Senegal and Nigeria were able to stop small Ebola outbreaks by closely monitoring those who had contact with the sick person and quickly isolating anyone with symptoms. Mali is now scrambling to do the same. VOA’s Anne Look reports from Mali on what the country is doing to shut down the chain of transmission.
Video

Video Ukraine Marks Anniversary of Deadly 1930s Famine

During a commemoration for millions who died of starvation in Ukraine in the early 1930s, President Petro Poroshenko lashed out at Soviet-era totalitarianism for causing the deaths and accused today’s Russian-backed rebels in the east of using similar tactics. VOA’s Daniel Shearf reports from Kyiv.
Video

Video Hong Kong Protests at a Crossroads

New public opinion polls in Hong Kong indicate declining support for pro-democracy demonstrations after weeks of street protests. VOA’s Bill Ide in Guangzhou and Pros Laput in Hong Kong spoke with protesters and observers about whether demonstrators have been too aggressive in pushing for change.
Video

Video US Immigration Relief Imminent for Mixed-Status Families

Tens of thousands of undocumented immigrants in the Washington, D.C., area may benefit from a controversial presidential order announced this week. It's not a path to citizenship, as some activists hoped. But it will allow more immigrants who arrived as children or who have citizen children, to avoid deportation and work legally. VOA's Victoria Macchi talks with one young man who benefited from an earlier presidential order, and whose parents may now benefit after years of living in fear.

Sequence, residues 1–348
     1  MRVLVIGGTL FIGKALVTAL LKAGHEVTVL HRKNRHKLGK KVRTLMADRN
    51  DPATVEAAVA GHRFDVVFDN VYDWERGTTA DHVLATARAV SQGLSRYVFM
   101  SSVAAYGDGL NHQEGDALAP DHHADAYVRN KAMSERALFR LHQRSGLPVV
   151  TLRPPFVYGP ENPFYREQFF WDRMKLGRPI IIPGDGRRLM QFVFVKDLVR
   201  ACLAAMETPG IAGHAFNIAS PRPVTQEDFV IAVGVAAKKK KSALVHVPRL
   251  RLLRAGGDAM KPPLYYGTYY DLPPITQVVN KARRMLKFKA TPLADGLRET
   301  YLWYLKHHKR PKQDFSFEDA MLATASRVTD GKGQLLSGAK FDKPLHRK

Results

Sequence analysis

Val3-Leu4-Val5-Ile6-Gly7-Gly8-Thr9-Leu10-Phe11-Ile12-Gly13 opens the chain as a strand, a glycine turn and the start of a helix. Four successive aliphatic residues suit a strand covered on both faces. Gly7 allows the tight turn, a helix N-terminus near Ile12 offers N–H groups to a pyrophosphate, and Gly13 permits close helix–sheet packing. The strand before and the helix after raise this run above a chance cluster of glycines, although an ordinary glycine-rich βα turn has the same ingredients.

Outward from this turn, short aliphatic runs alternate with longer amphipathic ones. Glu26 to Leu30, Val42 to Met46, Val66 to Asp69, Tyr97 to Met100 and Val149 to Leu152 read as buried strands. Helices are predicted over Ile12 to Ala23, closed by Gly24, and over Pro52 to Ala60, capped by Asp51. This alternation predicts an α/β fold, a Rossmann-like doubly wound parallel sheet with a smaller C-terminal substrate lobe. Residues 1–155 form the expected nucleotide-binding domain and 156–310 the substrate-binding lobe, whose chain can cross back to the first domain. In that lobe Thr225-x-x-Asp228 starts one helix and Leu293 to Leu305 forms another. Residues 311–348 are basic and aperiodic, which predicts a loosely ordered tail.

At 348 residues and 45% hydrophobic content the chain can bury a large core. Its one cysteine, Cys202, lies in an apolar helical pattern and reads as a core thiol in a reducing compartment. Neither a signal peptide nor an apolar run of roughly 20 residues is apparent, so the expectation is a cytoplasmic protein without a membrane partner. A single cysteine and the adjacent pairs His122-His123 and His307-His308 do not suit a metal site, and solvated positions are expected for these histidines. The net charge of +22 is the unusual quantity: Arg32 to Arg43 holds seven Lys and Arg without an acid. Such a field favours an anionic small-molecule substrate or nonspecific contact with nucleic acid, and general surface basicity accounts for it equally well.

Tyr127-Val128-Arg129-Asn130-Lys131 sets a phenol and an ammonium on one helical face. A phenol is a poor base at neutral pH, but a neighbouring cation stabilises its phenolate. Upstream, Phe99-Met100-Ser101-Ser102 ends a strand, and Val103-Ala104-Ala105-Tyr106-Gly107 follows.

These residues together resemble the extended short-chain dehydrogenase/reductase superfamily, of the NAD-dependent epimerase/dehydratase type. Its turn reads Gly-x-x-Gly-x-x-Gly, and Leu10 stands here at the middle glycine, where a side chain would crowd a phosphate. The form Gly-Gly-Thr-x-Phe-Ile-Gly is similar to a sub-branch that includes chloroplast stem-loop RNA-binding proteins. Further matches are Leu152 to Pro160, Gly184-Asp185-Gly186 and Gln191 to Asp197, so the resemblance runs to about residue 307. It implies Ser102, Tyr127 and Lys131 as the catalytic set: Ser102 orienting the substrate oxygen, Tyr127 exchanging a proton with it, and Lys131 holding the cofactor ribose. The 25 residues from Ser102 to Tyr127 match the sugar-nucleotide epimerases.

Video

Video New Skateboard Defies Gravity

A futuristic dream only a couple of decades ago, the hoverboard – a skateboard that floats above the ground - has finally been made possible. While still not ready for mass production, it promises to become a cool mode of transport... at least over some surfaces. VOA’s George Putic reports.
Video

Video Falling Gas Prices Impact US Oil Extraction